10:39 AM  
Anonymous Anonymous said...

That was my comment as to S. Broad as the colors used in the lights are garrish. The buildings should be lit up, but in an elegant manner like they do in London, Paris, and other cities.

11:47 AM  
Anonymous jeremy said...

I agree completely! We mustn’t suffer the garish curiosities imposed on Philadelphia's austere civil spaces by commercial and “artistic” forces! We should instead derive our lighting schemes for the Avenue of the Arts after such redoubtable models as London’s nightclub or West End theater districts , Paris’s nightclub nightclub or theater district, or that bastion of purity, decorum, taste, and finesse -- New York’s commercial and theater districts.

1:03 PM  
Anonymous Anonymous said...

The lighting isn't "garrish" at all. In fact, I think it's wonderful to draw attention to the fabulous architecture of our city. I remember when the Avenue of the Arts lights were ceremoniously sparked for the first time - people were excited, awed. We all know you can't please everyone. I think we should continue to emphasize the beauty of our city that sometimes gets lost in our daily issues and shortcommings. I'm proud of the steps we take to highlight our unique architecture. Not everyone likes "different" but that doesn't make "different" a bad thing. Personally, I think it's exciting!!

3:14 PM  
Anonymous Anonymous said...

Darkness ha! Walk through Dilworth Plaza at night and tell me that you're not in darkness.

Considering the amount of light pollution emitted for how little of the building is illuminated I would say we should pull the plug and save some money. This lighting job is a failure, I feel like a High School Drama club could have made up a better lighting scheme. Even the well illuminated areas of City Hall are spotty with super bight spots and dim sports.

But the City has always had some issues. Look across the street at the statue of Frank Rizzo. There is a dedicated light to illuminate that statue that for at least two years now is mis directed and shines into the plaza leaving Frank in the dark.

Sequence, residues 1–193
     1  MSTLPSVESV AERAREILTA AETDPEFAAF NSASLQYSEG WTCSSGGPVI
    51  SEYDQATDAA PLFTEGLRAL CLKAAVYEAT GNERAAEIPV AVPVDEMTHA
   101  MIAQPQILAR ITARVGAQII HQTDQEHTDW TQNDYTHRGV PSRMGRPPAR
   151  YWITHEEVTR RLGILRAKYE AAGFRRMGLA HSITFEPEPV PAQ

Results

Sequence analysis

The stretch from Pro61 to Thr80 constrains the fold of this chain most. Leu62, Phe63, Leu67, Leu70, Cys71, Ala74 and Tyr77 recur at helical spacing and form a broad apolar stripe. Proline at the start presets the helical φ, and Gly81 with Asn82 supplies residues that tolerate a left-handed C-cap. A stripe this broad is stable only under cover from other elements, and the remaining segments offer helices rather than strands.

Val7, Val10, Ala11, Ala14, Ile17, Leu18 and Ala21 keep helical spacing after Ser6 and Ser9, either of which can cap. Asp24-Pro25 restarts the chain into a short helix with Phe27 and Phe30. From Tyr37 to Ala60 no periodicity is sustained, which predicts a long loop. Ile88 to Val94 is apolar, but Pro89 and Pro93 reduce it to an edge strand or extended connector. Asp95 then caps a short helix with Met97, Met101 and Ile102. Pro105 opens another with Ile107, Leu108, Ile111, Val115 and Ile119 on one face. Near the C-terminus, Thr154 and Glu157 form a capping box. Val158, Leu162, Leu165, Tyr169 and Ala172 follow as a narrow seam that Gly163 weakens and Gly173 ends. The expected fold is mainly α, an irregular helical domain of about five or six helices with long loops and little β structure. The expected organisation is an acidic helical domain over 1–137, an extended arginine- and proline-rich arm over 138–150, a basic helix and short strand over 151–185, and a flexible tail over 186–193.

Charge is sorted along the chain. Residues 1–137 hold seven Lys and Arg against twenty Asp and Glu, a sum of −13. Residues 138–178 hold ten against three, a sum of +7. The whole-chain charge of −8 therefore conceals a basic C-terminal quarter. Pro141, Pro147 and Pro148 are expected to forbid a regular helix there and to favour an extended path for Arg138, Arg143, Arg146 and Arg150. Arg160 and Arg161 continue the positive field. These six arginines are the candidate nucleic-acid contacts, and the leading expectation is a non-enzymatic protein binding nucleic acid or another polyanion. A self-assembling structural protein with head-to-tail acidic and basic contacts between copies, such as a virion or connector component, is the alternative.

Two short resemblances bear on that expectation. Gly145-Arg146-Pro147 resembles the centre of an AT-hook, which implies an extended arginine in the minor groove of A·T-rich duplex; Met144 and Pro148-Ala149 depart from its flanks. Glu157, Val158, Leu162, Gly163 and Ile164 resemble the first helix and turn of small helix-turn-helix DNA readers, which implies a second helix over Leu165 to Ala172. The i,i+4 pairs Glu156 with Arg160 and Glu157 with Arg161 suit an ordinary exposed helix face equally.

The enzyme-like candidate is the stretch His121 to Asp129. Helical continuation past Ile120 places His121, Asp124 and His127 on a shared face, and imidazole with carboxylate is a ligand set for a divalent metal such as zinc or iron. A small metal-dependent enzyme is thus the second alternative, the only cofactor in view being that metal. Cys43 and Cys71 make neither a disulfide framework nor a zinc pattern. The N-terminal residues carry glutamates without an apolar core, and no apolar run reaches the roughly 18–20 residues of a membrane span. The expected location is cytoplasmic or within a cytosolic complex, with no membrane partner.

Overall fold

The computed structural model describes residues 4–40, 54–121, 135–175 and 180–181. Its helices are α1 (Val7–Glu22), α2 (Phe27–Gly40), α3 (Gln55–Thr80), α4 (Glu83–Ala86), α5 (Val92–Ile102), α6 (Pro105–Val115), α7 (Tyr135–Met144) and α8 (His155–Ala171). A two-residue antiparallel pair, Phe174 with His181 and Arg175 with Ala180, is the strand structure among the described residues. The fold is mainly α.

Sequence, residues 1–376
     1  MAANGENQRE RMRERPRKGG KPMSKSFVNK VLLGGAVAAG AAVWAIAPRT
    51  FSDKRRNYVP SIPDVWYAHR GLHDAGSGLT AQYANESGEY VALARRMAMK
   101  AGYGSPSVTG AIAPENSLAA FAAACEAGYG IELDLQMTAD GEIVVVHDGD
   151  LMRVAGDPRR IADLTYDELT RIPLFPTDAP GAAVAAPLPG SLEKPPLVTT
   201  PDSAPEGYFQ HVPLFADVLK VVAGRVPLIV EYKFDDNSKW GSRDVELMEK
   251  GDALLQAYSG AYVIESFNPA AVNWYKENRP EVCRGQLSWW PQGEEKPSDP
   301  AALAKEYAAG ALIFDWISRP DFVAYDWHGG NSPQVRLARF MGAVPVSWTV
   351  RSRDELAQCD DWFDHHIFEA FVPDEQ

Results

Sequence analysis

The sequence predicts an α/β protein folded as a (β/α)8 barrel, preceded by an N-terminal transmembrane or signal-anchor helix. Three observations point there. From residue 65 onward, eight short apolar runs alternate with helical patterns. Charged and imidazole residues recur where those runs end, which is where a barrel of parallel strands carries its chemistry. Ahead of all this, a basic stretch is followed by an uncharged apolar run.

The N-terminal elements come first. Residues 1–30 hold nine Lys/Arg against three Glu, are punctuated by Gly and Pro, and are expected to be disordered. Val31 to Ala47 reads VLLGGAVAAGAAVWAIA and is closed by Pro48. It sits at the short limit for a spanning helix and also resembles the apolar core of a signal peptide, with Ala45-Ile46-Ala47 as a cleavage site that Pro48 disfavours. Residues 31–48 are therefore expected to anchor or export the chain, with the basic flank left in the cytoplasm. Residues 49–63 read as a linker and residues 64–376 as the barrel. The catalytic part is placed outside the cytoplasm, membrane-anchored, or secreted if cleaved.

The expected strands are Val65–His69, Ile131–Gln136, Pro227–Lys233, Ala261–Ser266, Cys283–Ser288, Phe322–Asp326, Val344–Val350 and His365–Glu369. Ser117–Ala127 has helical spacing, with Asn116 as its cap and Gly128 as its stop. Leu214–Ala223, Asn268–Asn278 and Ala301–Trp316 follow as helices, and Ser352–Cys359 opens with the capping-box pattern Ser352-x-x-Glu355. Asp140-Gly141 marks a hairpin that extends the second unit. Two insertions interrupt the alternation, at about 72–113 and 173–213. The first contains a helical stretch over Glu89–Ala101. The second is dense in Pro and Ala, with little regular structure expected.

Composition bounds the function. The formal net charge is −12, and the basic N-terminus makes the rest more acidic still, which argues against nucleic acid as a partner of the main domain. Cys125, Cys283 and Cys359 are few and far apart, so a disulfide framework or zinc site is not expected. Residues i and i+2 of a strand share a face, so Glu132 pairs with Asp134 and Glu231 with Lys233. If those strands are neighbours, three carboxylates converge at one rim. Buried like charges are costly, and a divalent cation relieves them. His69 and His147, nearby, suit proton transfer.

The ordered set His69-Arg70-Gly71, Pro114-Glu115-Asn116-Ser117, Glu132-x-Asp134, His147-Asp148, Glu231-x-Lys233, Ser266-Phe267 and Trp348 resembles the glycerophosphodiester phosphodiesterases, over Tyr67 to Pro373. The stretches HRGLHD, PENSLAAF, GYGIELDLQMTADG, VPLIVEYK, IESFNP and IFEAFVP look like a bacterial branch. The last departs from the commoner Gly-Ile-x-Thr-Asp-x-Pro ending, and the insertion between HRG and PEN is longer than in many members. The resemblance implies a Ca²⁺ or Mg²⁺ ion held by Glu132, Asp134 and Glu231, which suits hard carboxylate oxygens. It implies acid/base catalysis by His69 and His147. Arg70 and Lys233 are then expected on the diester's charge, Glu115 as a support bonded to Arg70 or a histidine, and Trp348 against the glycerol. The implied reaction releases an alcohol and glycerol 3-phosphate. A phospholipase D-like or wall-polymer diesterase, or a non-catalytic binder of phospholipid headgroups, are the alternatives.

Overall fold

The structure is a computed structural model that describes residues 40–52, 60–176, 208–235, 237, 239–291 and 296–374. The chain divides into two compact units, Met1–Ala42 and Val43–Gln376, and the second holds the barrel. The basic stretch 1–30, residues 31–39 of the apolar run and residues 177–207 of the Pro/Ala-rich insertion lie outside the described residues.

12:10 PM  
Blogger Carl said...

Congratulations on being a Pulitzer finalist: "10. CRITICISM
For distinguished criticism, in print or in print and online, ten thousand dollars ($10,000).
Awarded to Mark Feeney of The Boston Globe for his penetrating and versatile command of the visual arts, from film and photography to painting.
Also nominated as finalists in this category were: Ann Hornaday of The Washington Post for her perceptive movie reviews and essays, reflecting solid research and an easy, engaging style, and Inga Saffron of The Philadelphia Inquirer for her forceful critiques that illuminate the vital interplay between architecture and the life of her city.

3:47 PM  
Anonymous Anonymous said...

Congrats on being named a Pulitzer finalist! Keep up the good work, Inga!

1:54 PM  
Blogger PalestraJon said...

The problem with Dilworth Plaza is Dilworth Plaza. However, since Ed Bacon has something akin to superhuman status, it has been impossible to undo the worst of his excesses, such as Penn Center and Dilworth Plaza. Taking people off the street into various sublevels which encourage crime and isolation was ridiculous then and still is ridiculous. I would trade all the lighting used for City Hall to restore a people's street level park around City Hall and the Municipal Building.

And congrats to Inga---I don't always agree with her, but she always is thought provoking.

9:01 PM  
Anonymous Anonymous said...

Why hasn't this blog been updated in so long? I enjoyed reading it.

2:31 PM  
Anonymous Anonymous said...

This blog hasn't been updated in so long!! I enjoyed reading the articles....

2:04 AM  
Anonymous Anonymous said...

Where are you??? It's been over 2 months. Any ideas for guest bloggers?

Come on INGA!!!!!!!!!!!!!!!!

10:53 PM